Thursday, April 30, 2009

Homemade Yogurt

Last summer my kids really dove into yogurt. They'd easily go through one 650mL tub of it daily and those plastic tubs kept piling up. I donate most of them (along with other plastic my local recycling depot won't yet accept) to my son's Kindergarten classroom. His teacher shares them with the other primary teachers, so I know they're not going to landfill anytime soon. I decided that, for the cost of yogurt, I could be making my own without artificial colours, flavours or added sugar. I could also cut down on the number of plastic tubs coming into my house.

I once tried a homemade yogurt recipe using powdered milk, and it was awful. The kids hated it and I wasn't too impressed, either. This time, I spent some time looking for a better recipe and found one on It calls for cream along with the milk, and I don't bother mixing them. I just use regular 2% milk (that's what's usually on hand) and the least expensive plain yogurt available at my local grocery store.
All in all though, the recipe and instructions there were really simple and I recommend this for anyone who likes yogurt!

Are you ready? I’ll give you a really detailed account of how I make it.

This is so easy.

You need:
Medium saucepan
Whisk, sterilised with boiling water.
Candy thermometer
1.5L (or quarts, or as much as you want to make) of 2% milk
Approximately 120 ml (1/2 cup) of plain store bought or homemade yogurt
(you need this for the a/b bacterial culture!)

Suitable glass or plastic bowl with lid or cover sterilised with boiling water.

1. Heat the milk in the saucepan on medium heat, stirring frequently with a spoon or whisk. Bring it to about 180°F but no higher. The goal here is to re-pasteurise the milk to kill any unwanted bacteria, not to let it come to a boil.

2. Remove the pan from the heat and let it sit to cool until the milk is about 100°F.

3. Boil enough water in your teakettle to pour all over the glass or plastic container you’re using, as well as your whisk. (Don’t dry them with towels, just shake out the hot water, it’ll dry fast from the heat.) This should make them bacteria-free as well. When the milk has cooled enough, whisk in the plain yogurt for a few minutes so it’s combined.

4. Pour the yogurt-milk mixture into your container and set it inside your oven with the light on. If your oven doesn’t have a light, check for a ‘warm’ function, or preheat it a wee bit, then turn it off when you place your container inside. It should be as warm as an ideal place to let bread dough rise, if that helps.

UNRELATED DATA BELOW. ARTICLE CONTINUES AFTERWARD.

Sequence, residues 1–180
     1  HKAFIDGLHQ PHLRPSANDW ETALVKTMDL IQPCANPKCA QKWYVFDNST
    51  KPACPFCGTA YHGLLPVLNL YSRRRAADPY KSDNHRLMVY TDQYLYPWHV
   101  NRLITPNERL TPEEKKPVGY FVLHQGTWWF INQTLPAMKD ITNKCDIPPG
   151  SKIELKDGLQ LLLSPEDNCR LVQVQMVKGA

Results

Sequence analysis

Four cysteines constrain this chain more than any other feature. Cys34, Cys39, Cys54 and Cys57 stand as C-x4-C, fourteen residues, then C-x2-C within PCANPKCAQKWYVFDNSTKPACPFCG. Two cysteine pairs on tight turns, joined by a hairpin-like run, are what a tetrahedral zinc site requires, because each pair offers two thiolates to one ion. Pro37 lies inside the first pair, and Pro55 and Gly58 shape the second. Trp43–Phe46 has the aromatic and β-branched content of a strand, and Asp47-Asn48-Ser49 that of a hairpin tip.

5. Let it sit for 6 to 8 hours and then cover it and put it in the fridge for a while to chill, even overnight. When it's cold, take the cover off and lay your loosely folded cheesecloth directly on top of the yogurt, and leave it in the fridge like this for a few hours. It’s going to draw up the whey from your yogurt to thicken it. (My thanks go to my friend Helen for this tip. I was originally trying to strain it through coffee filters in a sieve, which took a lot of space in the fridge and more sterilising!)

Whey is the watery liquid that separates from the yogurt. It isn’t bad for you or anything. In fact, if you decide to strain it with a sieve and filter you can use the liquid for bread and other recipes. We just don’t want it in our yogurt if we’re going to add things later to flavour it, or it’ll be really runny.

6. Rinse, wring and reapply your cheesecloth as many times as you wish to reach your desired consistency. If you like your yogurt really thick so you can add fruit syrups or even maple syrup, use the cheesecloth more than 3 times. Stir it, add whatever you like and enjoy!
When stirring your yogurt, if you find it has a gooey, elastic consistency to it, then you didn’t kill enough unwanted bacteria. It shouldn’t affect the flavour, and as long as you’re sure your container and whisk were acceptably clean, I don’t think it’ll hurt you to eat it. (No ill affects here, anyway!)

I usually add strawberry or raspberry jam to our yogurt, or fresh berries if I have them on hand. It’s better if you can find jams without added sugar, but unless you make your own jams they usually cost more, which makes buying store bought yogurt much cheaper than making it yourself. If you don’t mind that cost though, you can still feel proud of saving the planet from one more ‘disposable’ plastic container.
I’m not a big fan of “Activia” brand yogurt, the kids and I don’t like the flavour, so I’ve never tried making homemade yogurt from pro-biotic types. If you try making some, or use another great yogurt recipe or method, please share your results by commenting below!

Thanks for stopping by! ~ Jan

Friday, April 24, 2009

Crumpet Failure